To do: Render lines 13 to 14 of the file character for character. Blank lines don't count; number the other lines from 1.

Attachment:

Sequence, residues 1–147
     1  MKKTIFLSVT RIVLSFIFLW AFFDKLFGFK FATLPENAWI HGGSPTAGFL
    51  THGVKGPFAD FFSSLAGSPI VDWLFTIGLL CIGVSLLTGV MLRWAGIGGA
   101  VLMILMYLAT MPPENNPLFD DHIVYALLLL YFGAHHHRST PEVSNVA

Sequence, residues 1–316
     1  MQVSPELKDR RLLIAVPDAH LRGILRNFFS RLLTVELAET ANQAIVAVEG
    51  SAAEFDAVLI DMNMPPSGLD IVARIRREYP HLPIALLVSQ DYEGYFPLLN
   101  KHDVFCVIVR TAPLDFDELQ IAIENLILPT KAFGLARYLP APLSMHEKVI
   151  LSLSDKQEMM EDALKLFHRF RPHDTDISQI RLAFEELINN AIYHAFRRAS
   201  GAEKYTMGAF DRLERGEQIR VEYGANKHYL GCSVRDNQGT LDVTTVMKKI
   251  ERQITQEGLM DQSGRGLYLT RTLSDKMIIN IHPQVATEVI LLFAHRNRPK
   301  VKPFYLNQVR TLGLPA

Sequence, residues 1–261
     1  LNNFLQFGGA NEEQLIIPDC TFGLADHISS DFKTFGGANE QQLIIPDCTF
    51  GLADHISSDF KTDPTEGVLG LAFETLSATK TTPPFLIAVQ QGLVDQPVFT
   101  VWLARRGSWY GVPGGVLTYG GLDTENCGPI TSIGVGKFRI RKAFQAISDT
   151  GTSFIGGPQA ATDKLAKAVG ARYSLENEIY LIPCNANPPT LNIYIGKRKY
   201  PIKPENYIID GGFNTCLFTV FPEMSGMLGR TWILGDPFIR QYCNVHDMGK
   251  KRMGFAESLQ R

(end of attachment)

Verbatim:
Sequence, residues 1–261
     1  LNNFLQFGGA NEEQLIIPDC TFGLADHISS DFKTFGGANE QQLIIPDCTF